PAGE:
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The first artists to come to Old Lyme painted in an artistic style known as Tonalism, characterized by subdued and poetic landscapes that were rich with mood and sentiment.
Twilight and dusk were favored times of day for the Tonalists, as were more atmospheric conditions of fog, mist, and rain.
They painted dimly lit woods and rural settings, and finished them with a layer of toned varnish. Critics derisively referred to them as the “baked apple school” or “brown gravy school” for their use of dark, more somber palettes, but the Tonalist artists sought to create complex images steeped in nostalgia that would look perfectly at home in a collection of Old Masters.
The Tonalist catches the laughter of shimmering light, and transmutes it into pictorial joy; he speaks admirably the old mother-tongue of cloud, tree, pool, and stone; he interprets the spring; he is summer’s scribe, page to the majesty of autumn, and priest to the whole round year. With a simple palette, and as if by magic, he expresses breadth, teasing transparency, mysterious distances, the illusion of luminosity—in a word, the drama of air, light, and colour.
— Colony Founder Henry Ward Ranger, 1914
With Henry Ward Ranger as their leader, these pioneers of the Lyme Art Colony were fixed on establishing an American version of the French Barbizon group of painters.
Working in the French countryside in an area known as Barbizon, near the Forest of Fountainbleau (south of Paris and reachable by train in an hour’s time), a group of landscape painters sought to capture the unspoiled countryside and rural traditions before they were eclipsed by modernity.
Jules Turcas (1854-1917) Potato Harvest, n.d. Oil on wood panel. Gift of Mrs. Dorothy Tarrant in Memory of Her Husband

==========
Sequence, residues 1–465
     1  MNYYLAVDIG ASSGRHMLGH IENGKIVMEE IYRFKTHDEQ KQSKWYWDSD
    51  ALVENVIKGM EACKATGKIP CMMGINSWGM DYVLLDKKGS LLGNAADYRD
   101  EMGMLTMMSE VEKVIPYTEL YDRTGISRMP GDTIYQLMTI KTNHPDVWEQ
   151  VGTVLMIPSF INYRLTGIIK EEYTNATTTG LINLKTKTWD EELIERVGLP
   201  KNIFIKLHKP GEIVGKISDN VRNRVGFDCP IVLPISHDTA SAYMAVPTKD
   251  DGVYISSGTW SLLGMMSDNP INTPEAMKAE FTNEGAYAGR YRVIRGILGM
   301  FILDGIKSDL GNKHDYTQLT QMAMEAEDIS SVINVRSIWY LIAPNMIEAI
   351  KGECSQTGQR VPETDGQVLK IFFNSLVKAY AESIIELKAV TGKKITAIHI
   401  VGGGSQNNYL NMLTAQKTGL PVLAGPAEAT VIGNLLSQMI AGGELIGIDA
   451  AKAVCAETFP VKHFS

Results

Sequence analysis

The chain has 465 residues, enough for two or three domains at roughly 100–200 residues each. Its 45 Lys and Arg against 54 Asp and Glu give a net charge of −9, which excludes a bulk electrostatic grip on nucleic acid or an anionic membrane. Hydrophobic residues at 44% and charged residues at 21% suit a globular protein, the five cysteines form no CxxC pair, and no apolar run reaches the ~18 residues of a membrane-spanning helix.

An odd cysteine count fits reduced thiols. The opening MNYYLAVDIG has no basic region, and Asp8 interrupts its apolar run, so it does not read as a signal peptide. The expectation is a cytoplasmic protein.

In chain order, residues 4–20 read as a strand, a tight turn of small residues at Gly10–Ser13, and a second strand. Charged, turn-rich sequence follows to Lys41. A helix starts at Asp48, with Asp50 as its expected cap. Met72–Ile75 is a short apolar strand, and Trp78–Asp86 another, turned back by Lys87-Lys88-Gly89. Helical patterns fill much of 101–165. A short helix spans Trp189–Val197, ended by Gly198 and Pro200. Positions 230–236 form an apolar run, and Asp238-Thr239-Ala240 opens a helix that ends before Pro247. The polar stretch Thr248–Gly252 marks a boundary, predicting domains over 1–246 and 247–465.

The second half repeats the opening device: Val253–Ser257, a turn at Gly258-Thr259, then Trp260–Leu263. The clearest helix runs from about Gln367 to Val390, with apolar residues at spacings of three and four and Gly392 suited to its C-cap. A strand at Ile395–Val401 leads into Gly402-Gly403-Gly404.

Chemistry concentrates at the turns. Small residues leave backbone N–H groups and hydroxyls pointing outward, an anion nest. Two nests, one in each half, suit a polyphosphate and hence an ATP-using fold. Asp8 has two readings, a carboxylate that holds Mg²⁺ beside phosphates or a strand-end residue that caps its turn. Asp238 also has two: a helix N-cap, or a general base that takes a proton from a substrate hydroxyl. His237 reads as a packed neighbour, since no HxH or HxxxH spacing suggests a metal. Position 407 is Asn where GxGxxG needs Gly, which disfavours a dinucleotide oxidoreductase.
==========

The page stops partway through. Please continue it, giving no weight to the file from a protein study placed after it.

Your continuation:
French artists such as Theodore Rousseau, Constant Troyon, Charles-Francois Daubigny, Jean-Francois Millet and Camille Corot were associated with this group.
Choosing the woods and farmlands of Connecticut rather than France, these American artists would paint similar scenes they found in and around Old Lyme. Like the French artists, they sought to capture the old-fashioned qualities of the region, the quiet forest interiors and time-worn small farms, using earthy tones of browns, golds and muted greens. In the beginning, the colony was considered the American Barbizon.
Matilda Browne (1869-1947), Cornfield Point, ca. 1910. Oil on canvas. Gift of Ms. Helen Krieble in Honor of the Centennial
I feel that my little bit of New England, which I know and love so well, is reeking with poetic suggestion…. Our farms which were thoroughly tilled for a century or more have, for the past hundred years, been slipping back into picturesque neglect . . . [and] in New England, the country lanes are full of brush and grass and flowering weeds, with the little-used wagon truck zigzagging between tumbled-down stone walls and rickety rail fences.
— Artist Henry Ward Ranger, 1914